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iFootage Beava Roller 35 Review – An Interesting Bag with a Few Shortcomings

January 24th, 2024 Jump to Comment Section 3
iFootage Beava Roller 35 Review - An Interesting Bag with a Few Shortcomings

The iFootage Beava lineup of bags was introduced in September 2023, and since day one, the Beava Roller 35 has caught my attention due to its design and many interesting features: a generous size with a flat bottom, a large opening, two layers of storage, and the promise of premium, rugged, and weatherproof build quality. For the past two months, I’ve been taking the bag with me on multiple shoots to get a real feeling for it. So let’s take a closer look at this interesting bag in this exclusive CineD review!

Disclaimer: Let me first say that I am not an iFootage Ambassador. However, the company sent us the product free of charge to review it. This review is my unbiased opinion, as iFootage did not modify, influence, or give input about the article before its publication.

iFootage Beava Roller 35 bag
Image credit: Jeff Loch / CineD

A roller bag love/hate relationship

If you’ve been following us for the past few years and have read some of my articles, you should know by now that I’m slightly obsessed with bags in general, especially when it comes to carrying my filmmaking equipment. In case you missed it and want to get a sense of my fixation on bags, you can read my previous reviews on the PGYTECH OneMo backpack and the Manfrotto PRO Light Flexloader L – which I still consider one of the best all-around filmmaking backpacks to this day.

As someone who has used a wide variety of flight cases, handbags, backpacks, roller cases, and roller bags, my relationship with the latter has evolved over time. Indeed, when I was in my 20s, carrying heavy equipment on my back or shoulders for 10 to 12 hours was not an issue. I could move back and forth and choose rolling cases/bags depending on my mood and project. Now that I’m in my 30s, I can tell you that all my heavy camera kit lives in a – unfortunately, now discontinued – Manfrotto Roller Bag-70. Nonetheless, in my opinion, it remains one of the finest large roller bags available for local or national shoots that don’t involve air travel or the need to check my bag.

As I now mainly shoot as a one-man-band filmmaker, my quest these past couple of years has been to create an efficient shooting kit with everything needed for 90% of my most common shooting scenarios and talking heads: two cameras, lenses, two camera tripods, some LED lights, light stands, and so on. I aim to carry everything independently and make my life/day on set as smooth, efficient, and easy as possible. Indeed, I hate wasting time making multiple trips from my car to the shooting location and the other way around. Currently, I use one rolling bag for my camera kit and one backpack for everything else, i.e. lighting/accessories. While this setup works for me, there are still many times when I thought to myself “Two roller bags would have been nice and maybe easier to move throughout the day.”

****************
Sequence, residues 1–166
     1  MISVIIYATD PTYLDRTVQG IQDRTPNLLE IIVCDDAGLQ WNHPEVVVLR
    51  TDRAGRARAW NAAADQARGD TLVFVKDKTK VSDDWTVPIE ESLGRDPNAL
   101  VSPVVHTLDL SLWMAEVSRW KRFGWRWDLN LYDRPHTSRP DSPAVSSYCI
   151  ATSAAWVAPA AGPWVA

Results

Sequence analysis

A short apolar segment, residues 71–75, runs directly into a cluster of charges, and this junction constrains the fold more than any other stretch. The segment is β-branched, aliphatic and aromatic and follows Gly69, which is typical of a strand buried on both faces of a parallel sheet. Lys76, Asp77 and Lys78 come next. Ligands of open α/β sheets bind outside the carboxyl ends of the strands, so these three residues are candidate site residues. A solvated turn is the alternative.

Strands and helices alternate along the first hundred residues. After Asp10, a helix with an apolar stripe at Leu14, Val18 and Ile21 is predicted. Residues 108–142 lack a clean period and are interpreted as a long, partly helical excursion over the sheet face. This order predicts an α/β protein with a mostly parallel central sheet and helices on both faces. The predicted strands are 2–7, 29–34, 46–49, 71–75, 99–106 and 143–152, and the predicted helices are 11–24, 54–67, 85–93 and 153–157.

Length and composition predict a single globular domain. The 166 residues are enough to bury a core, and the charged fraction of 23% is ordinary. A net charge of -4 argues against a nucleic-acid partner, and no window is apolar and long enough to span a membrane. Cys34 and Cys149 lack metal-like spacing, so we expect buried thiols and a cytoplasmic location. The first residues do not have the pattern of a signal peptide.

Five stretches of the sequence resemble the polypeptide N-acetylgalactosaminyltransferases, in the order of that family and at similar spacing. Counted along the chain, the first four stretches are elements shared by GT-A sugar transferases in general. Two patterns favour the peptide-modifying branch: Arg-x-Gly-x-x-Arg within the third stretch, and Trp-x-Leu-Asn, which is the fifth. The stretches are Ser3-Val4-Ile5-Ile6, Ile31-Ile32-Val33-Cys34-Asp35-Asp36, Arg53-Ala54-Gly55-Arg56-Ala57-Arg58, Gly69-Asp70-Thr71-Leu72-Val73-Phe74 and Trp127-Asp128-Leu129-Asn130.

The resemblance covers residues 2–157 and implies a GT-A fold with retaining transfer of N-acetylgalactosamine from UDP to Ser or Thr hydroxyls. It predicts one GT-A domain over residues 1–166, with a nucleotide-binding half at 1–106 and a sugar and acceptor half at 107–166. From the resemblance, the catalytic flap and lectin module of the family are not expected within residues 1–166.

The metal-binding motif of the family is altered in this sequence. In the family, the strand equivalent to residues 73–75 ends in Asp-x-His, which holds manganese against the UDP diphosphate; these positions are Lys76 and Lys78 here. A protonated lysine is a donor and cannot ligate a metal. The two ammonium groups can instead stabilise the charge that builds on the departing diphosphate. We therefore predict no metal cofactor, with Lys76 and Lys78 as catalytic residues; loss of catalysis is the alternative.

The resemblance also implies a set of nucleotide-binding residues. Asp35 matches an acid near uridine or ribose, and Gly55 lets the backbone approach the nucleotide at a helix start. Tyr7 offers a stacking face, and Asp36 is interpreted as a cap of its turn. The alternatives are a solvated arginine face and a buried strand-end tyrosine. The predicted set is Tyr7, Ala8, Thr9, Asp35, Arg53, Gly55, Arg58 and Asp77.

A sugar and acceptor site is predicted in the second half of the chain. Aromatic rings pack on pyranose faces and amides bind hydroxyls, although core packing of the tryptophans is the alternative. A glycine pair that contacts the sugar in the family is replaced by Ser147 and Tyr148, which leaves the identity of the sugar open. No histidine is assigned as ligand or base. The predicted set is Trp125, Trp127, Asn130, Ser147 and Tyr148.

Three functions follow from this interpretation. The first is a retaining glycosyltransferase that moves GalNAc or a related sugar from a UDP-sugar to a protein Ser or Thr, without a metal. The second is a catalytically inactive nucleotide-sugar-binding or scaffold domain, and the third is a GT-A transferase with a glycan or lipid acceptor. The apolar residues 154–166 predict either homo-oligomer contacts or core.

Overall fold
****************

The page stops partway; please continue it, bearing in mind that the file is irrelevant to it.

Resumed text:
With the introduction of their first lineup of bags in September 2023, iFootage has launched a seamless lineup, featuring two backpacks—the Beava Backpack 35 and Backpack 50—alongside a single roller bag. So, will the beginning of iFootage’s journey in the camera bag industry be as successful and prolific as its camera accessories and LED lights? Let’s find out!

iFootage Beava Roller 35
Image credit: Jeff Loch / CineD

iFootage Beava Roller 35 specifications

The iFootage Beava Roller 35 is a reasonably large bag that officially measures 61 x 36 x 35cm/24 x 14.1 x 13.7in (length x height x width) for an empty weight of 3.85kg/8.48 lbs. Based on my measurements, the external dimensions are a tad smaller than what iFootage claims. While the length is 61cm/24in, the height measures 36cm/14.1in when the bag is open, reducing to approximately 30cm/11.8in when closed, and the width is 32cm/12.6in.

As usual with camera bags, the internal dimensions are slightly smaller at around 46 x 23 x 26cm/10.2 x 5.9 x 18.5in from my measurements.

Image credit: iFootage

iFootage is not very specific about how much gear you can store in the Beava Roller 35, but according to the promotional pictures, the bag can take up to two mirrorless cameras with lenses attached, an extra telephoto zoom lens, and a small LED light with its ballast. Of course, it all depends on how you set up the eight included dividers. Furthermore, the Beava Roller 35 has an interesting two-stage design that allows you to put more small gear on top of the main compartment, but we’ll talk about that in detail later.

Image credit: Jeff Loch / CineD

Design

The exterior and interior design of the Beava Roller 35 is austere; the outside of the bag is entirely black, and the company played on the different materials to give it some depth. The zippers have a light touch of red on them.

Image credit: Jeff Loch / CineD

On the front pouch, you’ll also find the iFootage logo in red. Last but not least, the wheel safety covers are also bright red, but since these are made of shiny plastic, they don’t look very “high-end” to me, but it’s personal taste.

To summarize the design, the Beava Roller 35 doesn’t stand out much in a crowd, which is a good thing for any bag that you plan to use for carrying any kind of camera equipment.